And we know that for those who love God all things work together for good, for those who are called according to his purpose. For those whom he foreknew he also predestined to be conformed to the image of his Son, in order that he might be the firstborn among many brothers. And those whom he predestined he also called, and those whom he called he also justified, and those whom he justified he also glorified. What then shall we say to these things? If God is for us, who can be against us? He who did not spare his own Son but gave him up for us all, how will he not also with him graciously give us all things? (Romans 8:28-32)

Oh, the depth of the riches and wisdom and knowledge of God! How unsearchable are his judgments and how inscrutable his ways! “For who has known the mind of the Lord, or who has been his counselor?” “Or who has given a gift to him that he might be repaid?” For from him and through him and to him are all things. To him be glory forever. Amen. (Romans 11:33-36)

From cover to cover, the Bible reminds us of God’s sovereignty. As believers, we must trust that God is using all things in our lives—even the coronavirus and the changes it is forcing us to make—for His glory and our good.

Remember God’s Compassion

Are you grieving the beautiful plans you had for your wedding day? All the time, thought, and energy you poured into preparing for a celebration that now may never happen the way you had envisioned?

If so, be comforted to know that the God who knows all things and preordains your days is also the God who cares deeply about you, more deeply than anyone else. The very same God who, in order to reconcile us to Himself, became a man (Colossians 1:19-20, John 1:14) and experienced the same kind of human sufferings and sorrows that you and I do (Isaiah 53:3). He is not ignorant of His children’s sorrow and pain. He does not begrudge or belittle your grief. Consider just a few verses that describe God’s compassionate and loving disposition toward His children:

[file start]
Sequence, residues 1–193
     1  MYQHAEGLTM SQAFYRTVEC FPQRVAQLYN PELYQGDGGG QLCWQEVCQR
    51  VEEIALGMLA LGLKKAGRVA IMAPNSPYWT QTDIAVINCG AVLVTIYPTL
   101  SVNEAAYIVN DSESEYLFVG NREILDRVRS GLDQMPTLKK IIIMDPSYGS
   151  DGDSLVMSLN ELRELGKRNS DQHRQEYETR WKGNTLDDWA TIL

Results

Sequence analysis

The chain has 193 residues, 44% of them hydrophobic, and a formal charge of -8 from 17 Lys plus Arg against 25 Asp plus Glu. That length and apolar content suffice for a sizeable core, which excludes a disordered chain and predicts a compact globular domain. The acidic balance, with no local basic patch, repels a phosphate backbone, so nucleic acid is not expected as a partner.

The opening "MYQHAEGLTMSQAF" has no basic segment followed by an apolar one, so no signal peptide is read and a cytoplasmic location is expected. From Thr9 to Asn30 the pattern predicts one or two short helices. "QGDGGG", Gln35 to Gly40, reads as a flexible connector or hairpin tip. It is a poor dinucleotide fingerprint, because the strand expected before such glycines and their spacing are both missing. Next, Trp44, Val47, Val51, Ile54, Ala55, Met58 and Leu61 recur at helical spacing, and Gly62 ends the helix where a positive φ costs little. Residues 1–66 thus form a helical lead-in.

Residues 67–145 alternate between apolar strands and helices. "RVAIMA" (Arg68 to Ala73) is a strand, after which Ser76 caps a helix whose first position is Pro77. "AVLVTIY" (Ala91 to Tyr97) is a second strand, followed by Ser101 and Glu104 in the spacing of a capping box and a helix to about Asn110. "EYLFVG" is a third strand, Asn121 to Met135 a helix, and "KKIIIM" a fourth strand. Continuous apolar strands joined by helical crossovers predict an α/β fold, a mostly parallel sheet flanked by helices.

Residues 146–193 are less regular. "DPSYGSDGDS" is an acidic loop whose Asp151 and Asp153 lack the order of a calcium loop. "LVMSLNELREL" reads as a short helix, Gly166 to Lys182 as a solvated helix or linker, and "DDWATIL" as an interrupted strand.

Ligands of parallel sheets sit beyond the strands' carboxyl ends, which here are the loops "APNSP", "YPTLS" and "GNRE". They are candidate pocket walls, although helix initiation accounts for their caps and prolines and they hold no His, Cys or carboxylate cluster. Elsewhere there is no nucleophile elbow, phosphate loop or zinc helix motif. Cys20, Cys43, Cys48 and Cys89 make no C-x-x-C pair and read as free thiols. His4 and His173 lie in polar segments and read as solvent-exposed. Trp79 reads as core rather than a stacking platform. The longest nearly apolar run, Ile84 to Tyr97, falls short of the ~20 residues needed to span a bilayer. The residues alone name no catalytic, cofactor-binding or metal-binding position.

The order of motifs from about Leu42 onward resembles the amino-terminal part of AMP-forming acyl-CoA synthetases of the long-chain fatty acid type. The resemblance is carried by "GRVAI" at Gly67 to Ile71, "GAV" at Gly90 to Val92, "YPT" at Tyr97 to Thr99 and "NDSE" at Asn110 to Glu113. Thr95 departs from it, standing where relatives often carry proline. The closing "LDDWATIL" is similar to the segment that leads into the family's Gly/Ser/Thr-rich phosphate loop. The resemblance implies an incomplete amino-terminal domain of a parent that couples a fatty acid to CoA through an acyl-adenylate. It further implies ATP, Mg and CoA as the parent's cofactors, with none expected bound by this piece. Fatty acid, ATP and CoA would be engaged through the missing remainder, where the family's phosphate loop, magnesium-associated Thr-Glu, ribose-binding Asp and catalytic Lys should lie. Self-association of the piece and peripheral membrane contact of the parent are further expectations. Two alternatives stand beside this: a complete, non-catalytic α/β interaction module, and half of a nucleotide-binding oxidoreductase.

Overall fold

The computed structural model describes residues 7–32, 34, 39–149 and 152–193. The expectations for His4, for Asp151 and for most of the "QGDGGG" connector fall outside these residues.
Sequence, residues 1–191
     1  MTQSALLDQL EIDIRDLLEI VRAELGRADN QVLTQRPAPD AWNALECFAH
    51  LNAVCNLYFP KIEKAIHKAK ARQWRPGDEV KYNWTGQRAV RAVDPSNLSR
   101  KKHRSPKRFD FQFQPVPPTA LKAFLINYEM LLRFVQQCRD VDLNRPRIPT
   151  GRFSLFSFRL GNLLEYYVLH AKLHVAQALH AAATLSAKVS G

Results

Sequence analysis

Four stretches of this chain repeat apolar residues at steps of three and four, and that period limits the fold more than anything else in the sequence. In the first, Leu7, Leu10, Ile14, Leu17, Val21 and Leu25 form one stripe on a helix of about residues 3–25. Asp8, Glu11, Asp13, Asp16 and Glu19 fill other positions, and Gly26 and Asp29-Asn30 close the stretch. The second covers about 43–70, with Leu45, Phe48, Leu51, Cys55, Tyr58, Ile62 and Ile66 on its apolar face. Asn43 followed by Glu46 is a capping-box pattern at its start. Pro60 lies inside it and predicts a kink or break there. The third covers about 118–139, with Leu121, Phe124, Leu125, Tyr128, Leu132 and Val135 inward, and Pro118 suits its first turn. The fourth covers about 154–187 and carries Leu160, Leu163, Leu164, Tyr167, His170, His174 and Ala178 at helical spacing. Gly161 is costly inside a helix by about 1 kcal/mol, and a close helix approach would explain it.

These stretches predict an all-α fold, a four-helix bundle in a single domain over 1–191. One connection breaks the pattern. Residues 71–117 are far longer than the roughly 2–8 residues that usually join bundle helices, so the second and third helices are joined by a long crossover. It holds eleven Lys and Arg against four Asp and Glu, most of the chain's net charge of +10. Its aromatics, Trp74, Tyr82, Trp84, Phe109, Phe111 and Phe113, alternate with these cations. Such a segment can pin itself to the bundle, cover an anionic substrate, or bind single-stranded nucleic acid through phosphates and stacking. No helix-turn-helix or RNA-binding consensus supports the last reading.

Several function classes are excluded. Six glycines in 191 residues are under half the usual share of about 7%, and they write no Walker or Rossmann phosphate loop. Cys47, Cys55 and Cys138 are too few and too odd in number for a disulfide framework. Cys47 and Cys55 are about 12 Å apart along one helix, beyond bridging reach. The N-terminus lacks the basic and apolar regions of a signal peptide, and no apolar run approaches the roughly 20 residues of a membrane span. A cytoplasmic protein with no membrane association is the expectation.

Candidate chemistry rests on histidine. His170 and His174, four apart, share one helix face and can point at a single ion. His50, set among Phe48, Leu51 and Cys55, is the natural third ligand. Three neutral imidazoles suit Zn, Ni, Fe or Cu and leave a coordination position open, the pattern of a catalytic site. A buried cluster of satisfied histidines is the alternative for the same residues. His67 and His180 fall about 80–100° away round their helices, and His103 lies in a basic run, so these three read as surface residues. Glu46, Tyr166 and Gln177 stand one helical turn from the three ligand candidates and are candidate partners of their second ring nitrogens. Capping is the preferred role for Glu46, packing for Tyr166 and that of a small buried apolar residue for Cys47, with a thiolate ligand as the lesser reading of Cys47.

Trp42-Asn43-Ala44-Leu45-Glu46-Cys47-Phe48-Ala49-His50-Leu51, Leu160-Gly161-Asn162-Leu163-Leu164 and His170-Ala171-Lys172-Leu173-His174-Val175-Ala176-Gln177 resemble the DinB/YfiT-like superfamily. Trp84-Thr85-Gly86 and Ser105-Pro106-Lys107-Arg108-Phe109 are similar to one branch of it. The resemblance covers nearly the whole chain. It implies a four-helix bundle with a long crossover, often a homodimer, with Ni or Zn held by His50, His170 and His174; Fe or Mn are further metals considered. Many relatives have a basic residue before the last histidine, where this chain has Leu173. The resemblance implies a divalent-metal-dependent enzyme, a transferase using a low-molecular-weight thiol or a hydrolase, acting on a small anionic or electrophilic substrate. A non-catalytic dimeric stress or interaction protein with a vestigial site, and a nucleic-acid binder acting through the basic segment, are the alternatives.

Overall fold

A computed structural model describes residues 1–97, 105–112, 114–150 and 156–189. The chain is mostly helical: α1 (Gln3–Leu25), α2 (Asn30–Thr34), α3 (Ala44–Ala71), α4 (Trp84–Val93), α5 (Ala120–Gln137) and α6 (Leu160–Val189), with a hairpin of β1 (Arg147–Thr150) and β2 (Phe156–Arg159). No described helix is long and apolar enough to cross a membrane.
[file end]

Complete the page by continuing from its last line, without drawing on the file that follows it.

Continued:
The Lord is near to the brokenhearted and saves the crushed in spirit. (Psalm 34:18)

He heals the brokenhearted and binds up their wounds. (Psalm 147:3)

Can a woman forget her nursing child, that she should have no compassion on the son of her womb? Even these may forget, yet I will not forget you.” (Isaiah 49:15)

When he saw the crowds, he had compassion for them, because they were harassed and helpless, like sheep without a shepherd. (Matthew 9:36)

Blessed be the God and Father of our Lord Jesus Christ, the Father of mercies and God of all comfort, who comforts us in all our affliction, so that we may be able to comfort those who are in any affliction, with the comfort with which we ourselves are comforted by God. (2 Corinthians 1:3-4)

Humble yourselves, therefore, under the mighty hand of God so that at the proper time he may exalt you, casting all your anxieties on him, because he cares for you. (1 Peter 5:6-7)

He will wipe away every tear from their eyes, and death shall be no more, neither shall there be mourning, nor crying, nor pain anymore, for the former things have passed away.” (Revelation 21:4)

By meditating and holding on to these promises, we are reminded of God’s kind and gentle character in the midst of the current trial. And despite lost opportunities such as a traditional wedding with family and friends in attendance, or an overseas honeymoon, we can trust that God still loves us and has amazing plans for these new marriages.

Remember What Marriage Symbolizes

Those who desire a wedding and marriage desire a good thing. The union of a husband and wife was instituted by God Himself at the very beginning of human history (Genesis 2). Declaring that it was “not good that the man should be alone,” God created woman—“a helper fit for him”—and brought her to the man. He then gave them a command: to be fruitful and multiply and fill the earth and subdue it (Genesis 1:28). Even today, those who engage in a marriage covenant are participants in God’s good design for human relationships and flourishing.

But God’s plans for your marriage do not stop with relational intimacy and building a family. God also intends married couples to reflect the gospel. Consider the apostle Paul’s words to the Ephesians: